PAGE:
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I have a question about expressing hair color in Korean. For example, how would I say in Korean that my girlfriend has brown hair? What about saying someone is a red-head, or is blonde?

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  • I have edited the question to read more clearly. Please take a look at it and see if I have retained your desired meaning. @DC 541 – Vladhagen Sep 22 '16 at 22:06
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I have seen a few different ways to express hair color in Korean.

빨강 머리 (or alternative spelling 빨간 머리) is a widely used term in Korean for a redhead. It literally means "red head."

나는 빨강머리가 되고 싶네! I want to become a redhead! 저는 빨간 머리입니다. I am a redhead.

Similarly, a brunette (brown hair) is often referred to using the term 갈색 머리 (literally, brown head). I have also heard 브루네트 ("brunette").

To twist things up slightly, a blonde is commonly referred to by the term 금 머리.

금발 머리인 여자가 김밥을 먹었어요. The blonde ate some kimbap.

Although there is some debate as to the grammatical legitimacy of the term 금발인 (with the 인 being the person 인 人), I have seen it used as a noun. Most of these instances were informal and on social media or in 만화. The Korean girls I inquired about on this matter seemed to agree that 금발인 can be used as a noun stand alone, however they had no idea if it was a dictionary approved term. They seemed to use it more as slang perhaps. I am not seeing this as an authoritative, be all end all, my way or the highway answer. I am just passing along what I have seen.

You may also hear the English word itself:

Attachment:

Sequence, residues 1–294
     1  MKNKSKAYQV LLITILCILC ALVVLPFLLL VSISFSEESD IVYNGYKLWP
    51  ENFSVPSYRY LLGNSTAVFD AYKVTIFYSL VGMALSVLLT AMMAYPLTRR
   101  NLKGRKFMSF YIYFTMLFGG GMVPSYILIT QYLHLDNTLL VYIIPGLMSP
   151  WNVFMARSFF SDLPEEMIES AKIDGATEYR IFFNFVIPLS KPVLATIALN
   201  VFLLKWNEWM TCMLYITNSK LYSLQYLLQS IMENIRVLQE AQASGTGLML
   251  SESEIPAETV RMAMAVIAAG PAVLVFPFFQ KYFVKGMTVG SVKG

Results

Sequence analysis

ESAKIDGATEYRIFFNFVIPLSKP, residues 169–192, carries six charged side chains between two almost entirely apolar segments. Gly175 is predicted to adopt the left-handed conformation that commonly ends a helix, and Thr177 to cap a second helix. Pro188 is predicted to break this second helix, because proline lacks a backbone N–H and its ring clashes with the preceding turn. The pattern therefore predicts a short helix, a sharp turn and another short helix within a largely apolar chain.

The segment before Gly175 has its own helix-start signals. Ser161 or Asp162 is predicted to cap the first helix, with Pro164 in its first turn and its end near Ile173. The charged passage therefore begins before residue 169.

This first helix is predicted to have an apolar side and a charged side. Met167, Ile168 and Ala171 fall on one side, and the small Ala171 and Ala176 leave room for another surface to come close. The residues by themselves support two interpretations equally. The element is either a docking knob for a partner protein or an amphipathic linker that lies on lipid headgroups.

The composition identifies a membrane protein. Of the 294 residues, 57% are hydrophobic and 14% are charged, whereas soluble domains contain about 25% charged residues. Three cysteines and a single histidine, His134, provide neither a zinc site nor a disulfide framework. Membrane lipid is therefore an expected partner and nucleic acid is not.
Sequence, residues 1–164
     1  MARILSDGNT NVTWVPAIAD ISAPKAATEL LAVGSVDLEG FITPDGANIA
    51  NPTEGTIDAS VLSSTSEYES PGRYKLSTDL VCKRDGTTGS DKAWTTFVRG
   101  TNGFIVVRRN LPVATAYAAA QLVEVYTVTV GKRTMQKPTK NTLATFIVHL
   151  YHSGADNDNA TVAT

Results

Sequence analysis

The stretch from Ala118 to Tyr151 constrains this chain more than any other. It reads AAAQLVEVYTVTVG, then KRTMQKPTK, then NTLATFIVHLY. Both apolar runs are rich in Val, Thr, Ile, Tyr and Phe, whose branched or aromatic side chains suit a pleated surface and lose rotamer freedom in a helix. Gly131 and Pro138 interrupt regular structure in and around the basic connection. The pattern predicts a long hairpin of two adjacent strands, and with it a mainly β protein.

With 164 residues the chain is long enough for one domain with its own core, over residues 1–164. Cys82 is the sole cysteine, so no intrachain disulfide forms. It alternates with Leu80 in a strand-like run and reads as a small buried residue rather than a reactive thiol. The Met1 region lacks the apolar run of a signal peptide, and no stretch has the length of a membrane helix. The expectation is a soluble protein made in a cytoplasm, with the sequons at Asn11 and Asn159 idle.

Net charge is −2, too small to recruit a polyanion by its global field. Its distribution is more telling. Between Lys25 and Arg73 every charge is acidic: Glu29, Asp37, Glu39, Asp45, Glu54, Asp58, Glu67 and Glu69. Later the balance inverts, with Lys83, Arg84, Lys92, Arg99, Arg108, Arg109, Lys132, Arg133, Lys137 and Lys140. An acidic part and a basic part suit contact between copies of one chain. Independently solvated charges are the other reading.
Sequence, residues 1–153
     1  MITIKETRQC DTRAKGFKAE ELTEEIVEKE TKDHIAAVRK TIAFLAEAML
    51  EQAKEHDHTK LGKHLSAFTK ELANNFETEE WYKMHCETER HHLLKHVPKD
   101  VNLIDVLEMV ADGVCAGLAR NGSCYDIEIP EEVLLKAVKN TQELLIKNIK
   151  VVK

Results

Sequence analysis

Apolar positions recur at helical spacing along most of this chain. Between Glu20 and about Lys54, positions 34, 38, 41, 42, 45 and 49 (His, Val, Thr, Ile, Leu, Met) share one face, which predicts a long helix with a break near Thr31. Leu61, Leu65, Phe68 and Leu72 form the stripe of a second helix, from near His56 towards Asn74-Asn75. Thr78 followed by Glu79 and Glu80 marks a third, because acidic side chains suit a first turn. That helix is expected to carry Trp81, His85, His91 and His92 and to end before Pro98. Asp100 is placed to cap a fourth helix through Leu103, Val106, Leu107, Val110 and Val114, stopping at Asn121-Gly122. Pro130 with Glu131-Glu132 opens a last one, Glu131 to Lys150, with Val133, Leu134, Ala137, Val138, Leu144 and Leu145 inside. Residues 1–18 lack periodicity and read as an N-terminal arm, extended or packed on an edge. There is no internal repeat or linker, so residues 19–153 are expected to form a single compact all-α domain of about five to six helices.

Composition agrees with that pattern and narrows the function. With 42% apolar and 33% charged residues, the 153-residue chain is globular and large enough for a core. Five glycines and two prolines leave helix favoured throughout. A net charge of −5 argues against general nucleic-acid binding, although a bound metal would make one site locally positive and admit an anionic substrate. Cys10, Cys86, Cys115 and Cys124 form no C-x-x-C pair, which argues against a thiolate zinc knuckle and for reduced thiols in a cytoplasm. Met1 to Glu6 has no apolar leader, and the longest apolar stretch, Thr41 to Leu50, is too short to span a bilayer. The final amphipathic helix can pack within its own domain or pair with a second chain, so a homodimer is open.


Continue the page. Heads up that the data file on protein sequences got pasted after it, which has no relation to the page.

블론드의 여자 (blonde woman).

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  • Probably most Koreans would understand the word 금발인(人) upon seeing it, but honestly, this is the first time I saw that word. Are you sure that's what you heard, instead of the much more common "금발" + "-인" (from 이다)? E.g., people will more likely say "금발인 사람이 김밥을 먹었어요". – jick Sep 23 '16 at 2:52
  • m.endic.naver.com/… – Vladhagen Sep 23 '16 at 3:04
  • At least on Naver, the term 금발인 is used as a stand alone noun. See this Instagram hashtag as well: instagram.com/explore/tags/금발인 – Vladhagen Sep 23 '16 at 3:12
  • I agree with @jick. I had the same thought when I read 금발인이 김밥을 먹었어요. By the way, 블론드 and 브루네트 are also not as broadly used as 금발 머리 or 갈색 머리. – user7 Sep 23 '16 at 3:14
  • Err, you misunderstood the Naver dictionary entry. It is customary for English-Korean dictionary to explain an English adjective by 관형어(?) form (the form that can modify a noun). E.g., beautiful is listed as "아름다운, 멋진, 훌륭한", NOT "아름답다, 멋지다, 훌륭하다". "금발인" is the analogous form of noun+copula "금발이다". The phrase "원래 금발인 저한테", in your second Naver link, is the same. Compare, for example, 미국인 (American): you must say "원래 미국인인 저한테" (미국인 + copula 인), not "원래 미국인 저한테". – jick Sep 23 '16 at 5:28
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There are Korean words using Chinese characters that end with '-발' which literally means 'hair'.

흑발 (Black hair), 금발 (Gold/Blonde hair), 백발 (White hair), 적발 (Red hair), 황발 (Yellow/Blonde hair), etc.

You can use the following sentences.

그녀의 머리는 (머리카락은) 검은색(흑발)이야.

그녀는 검은색(흑발)의 머리를 가지고 있어.

그녀는 흑발이야. (Note that it is not as broadly used as 그녀는 금발이야) , etc.

You need to note that '적발' and '황발' are very rarely used in Korean. There is no name using Chinese characters for brown hair. If you use '갈발', it won't be understood.

Another way is to use adjectives such as

검은 머리 (Black hair), 노랑/노란 머리 (Gold hair), 하얀 머리 (White hair), 빨간/빨강 머리 (Red hair), 갈색 머리 (brown hair), etc.

There are so many ways to express hair color using the words above listed.

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    I have never seen any of the -발s used in conversation, with the exception of 금발 which is used ubiquitously as 금발 머리 to mean blond hair. And to me, 노란 머리 (yellow hair) implies the hair's not blond but has been dyed yellow. – user3932000 Oct 11 '16 at 3:58

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